It is seen from the provisions to which we have referred in the preceding paragraphs that on receipt of a complaint a Magistrate has several courses open to him. He may take cognizance of the offence and proceed to record the statements of the complainant and the witnesses present under Sec. 200. Thereafter, if in his opinion there is no sufficient ground for proceeding he may dismiss the complaint under Sec. 203. If in his opinion there is sufficient ground for proceeding he may issue process under Sec. 204. However, if he thinks fit, he may postpone the issue of process and either enquire into the case himself or direct an investigation to be made by a Police Officer or such other person as he thinks fit for the purpose of deciding whether or not there is sufficient ground for proceeding. He may then issue process if in his opinion there is sufficient ground for proceeding or dismiss the complaint if there is no sufficient ground for proceeding.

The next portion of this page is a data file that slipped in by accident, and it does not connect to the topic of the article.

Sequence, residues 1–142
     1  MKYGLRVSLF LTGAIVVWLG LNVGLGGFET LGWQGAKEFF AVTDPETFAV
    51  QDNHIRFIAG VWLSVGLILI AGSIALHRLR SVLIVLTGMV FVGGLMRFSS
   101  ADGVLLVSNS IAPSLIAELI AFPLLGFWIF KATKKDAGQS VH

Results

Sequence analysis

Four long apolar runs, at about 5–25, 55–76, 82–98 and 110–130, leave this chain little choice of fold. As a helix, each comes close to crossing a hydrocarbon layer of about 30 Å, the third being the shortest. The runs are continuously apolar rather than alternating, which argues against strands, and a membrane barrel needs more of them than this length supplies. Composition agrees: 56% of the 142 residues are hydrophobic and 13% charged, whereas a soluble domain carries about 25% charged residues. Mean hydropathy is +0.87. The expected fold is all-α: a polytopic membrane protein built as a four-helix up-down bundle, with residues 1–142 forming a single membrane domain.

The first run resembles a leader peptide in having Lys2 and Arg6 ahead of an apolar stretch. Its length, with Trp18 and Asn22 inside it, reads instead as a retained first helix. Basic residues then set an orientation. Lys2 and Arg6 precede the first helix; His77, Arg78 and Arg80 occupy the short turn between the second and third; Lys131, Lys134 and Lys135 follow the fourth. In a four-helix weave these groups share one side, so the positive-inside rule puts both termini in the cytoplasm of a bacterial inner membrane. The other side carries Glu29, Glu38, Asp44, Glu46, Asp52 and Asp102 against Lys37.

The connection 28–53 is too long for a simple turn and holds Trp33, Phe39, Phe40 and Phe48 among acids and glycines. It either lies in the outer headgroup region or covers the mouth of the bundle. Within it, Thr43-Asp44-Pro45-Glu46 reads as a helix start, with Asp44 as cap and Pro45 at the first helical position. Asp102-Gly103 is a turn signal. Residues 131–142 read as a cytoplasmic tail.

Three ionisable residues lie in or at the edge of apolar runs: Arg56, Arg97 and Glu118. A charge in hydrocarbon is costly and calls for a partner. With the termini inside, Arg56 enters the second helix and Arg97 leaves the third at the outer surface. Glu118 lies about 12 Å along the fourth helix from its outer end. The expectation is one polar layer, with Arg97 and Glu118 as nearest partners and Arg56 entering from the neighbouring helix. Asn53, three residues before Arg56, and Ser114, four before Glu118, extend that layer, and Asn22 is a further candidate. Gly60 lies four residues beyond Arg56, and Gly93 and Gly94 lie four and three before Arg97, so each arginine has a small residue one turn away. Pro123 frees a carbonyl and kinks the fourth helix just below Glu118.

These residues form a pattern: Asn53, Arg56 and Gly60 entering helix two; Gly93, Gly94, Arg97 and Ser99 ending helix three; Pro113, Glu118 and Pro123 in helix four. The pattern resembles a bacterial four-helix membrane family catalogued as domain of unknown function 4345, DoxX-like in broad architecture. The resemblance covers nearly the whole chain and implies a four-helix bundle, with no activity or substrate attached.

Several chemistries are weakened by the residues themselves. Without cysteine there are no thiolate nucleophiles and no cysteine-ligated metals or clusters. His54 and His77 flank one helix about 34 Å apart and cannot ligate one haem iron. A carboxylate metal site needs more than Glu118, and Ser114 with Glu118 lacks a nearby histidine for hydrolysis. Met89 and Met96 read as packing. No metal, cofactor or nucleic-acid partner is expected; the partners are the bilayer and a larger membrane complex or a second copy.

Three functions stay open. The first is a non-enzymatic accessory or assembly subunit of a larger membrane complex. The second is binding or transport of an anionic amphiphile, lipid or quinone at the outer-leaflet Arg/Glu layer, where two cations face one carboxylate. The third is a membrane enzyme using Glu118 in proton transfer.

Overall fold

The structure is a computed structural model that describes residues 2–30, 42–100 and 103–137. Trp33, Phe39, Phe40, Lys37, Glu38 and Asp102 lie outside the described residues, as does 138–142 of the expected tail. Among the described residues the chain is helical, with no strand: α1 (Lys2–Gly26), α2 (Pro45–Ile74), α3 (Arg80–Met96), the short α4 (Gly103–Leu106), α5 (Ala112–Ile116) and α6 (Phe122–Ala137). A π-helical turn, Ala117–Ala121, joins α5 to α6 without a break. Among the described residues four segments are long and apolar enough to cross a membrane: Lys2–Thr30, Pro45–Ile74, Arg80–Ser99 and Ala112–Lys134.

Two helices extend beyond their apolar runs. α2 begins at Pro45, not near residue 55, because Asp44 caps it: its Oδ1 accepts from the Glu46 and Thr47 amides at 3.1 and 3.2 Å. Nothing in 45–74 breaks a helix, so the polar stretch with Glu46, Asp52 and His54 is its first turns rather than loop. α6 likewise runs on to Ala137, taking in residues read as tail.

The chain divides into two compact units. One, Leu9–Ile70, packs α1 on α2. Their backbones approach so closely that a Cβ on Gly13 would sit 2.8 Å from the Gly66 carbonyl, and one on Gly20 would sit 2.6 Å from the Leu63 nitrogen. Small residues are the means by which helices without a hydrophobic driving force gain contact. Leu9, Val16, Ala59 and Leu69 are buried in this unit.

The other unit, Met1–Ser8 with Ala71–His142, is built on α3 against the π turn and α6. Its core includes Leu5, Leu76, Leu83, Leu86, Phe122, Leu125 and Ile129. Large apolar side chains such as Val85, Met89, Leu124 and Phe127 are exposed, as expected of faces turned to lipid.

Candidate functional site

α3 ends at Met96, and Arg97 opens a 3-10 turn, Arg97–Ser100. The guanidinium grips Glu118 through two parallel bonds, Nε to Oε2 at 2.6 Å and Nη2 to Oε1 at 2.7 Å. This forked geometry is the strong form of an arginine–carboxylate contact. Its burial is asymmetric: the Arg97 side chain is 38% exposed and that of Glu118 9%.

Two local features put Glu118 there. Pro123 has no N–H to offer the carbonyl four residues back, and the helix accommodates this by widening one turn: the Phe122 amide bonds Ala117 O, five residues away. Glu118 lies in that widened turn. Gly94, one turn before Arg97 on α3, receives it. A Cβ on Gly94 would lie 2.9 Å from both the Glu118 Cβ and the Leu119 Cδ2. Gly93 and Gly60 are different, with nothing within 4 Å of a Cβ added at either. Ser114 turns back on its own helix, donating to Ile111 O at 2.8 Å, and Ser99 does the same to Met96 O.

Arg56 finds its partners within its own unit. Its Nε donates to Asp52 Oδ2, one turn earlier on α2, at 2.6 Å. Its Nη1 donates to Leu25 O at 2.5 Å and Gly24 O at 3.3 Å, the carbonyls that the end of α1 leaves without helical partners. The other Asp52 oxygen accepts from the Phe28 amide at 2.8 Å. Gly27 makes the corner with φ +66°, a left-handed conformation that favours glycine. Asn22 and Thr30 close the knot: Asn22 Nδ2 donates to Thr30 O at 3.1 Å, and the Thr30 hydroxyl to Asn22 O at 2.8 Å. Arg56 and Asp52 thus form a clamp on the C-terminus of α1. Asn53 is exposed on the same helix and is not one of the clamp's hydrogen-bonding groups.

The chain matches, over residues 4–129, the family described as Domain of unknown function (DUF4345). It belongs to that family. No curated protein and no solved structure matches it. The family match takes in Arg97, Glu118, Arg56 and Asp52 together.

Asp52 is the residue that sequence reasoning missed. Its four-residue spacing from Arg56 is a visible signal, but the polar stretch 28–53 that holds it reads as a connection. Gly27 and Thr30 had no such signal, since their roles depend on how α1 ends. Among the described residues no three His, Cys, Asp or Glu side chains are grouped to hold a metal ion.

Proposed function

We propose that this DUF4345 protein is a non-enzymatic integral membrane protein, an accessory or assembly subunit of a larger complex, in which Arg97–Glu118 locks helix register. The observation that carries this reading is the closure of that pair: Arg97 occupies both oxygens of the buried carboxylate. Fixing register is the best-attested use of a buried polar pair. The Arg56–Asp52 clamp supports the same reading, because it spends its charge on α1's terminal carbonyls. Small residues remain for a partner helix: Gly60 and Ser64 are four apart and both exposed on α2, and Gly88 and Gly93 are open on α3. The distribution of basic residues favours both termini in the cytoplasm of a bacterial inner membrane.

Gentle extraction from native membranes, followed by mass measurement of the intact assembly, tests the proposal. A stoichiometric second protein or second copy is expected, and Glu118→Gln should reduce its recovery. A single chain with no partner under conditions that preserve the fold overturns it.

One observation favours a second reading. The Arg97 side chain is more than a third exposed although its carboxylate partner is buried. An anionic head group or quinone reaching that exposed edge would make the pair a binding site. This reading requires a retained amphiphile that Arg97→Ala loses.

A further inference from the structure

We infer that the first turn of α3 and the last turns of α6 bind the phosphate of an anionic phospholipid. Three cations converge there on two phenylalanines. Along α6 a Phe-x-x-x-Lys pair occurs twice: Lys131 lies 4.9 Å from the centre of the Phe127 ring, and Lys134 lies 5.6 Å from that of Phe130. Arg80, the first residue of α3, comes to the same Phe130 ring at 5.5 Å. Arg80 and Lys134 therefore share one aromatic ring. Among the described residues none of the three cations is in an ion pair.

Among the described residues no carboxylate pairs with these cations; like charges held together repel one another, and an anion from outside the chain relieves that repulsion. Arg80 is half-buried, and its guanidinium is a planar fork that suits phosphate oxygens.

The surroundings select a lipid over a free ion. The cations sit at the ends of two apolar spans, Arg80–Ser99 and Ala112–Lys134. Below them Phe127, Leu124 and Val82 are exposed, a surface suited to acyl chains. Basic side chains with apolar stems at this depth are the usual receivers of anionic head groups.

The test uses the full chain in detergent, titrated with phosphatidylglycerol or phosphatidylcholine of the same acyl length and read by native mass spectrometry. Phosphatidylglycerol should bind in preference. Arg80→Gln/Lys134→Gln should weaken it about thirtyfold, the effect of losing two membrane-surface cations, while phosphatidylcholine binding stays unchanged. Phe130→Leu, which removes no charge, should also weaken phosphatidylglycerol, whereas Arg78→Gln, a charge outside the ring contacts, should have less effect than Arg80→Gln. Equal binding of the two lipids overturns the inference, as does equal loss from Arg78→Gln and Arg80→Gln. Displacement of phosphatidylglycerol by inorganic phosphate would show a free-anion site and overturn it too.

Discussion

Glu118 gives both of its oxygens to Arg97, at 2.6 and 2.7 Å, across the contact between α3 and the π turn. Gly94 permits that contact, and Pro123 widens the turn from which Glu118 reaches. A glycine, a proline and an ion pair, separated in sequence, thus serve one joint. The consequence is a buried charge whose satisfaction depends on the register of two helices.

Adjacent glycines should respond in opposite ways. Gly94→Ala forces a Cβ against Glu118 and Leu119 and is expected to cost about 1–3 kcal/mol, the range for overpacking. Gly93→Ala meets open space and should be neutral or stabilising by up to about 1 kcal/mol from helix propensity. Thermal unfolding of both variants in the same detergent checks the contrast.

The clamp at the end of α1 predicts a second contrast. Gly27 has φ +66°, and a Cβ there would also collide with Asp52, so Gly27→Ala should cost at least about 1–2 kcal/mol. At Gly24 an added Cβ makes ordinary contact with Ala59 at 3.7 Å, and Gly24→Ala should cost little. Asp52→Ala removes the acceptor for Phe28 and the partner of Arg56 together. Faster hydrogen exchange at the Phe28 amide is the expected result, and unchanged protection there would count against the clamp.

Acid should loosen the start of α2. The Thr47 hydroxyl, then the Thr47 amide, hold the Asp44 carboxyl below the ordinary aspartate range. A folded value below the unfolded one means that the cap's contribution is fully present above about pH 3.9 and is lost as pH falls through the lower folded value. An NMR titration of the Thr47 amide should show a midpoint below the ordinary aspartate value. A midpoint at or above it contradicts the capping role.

On the other hand, in the first instance, on receipt of a complaint, the Magistrate may, instead of taking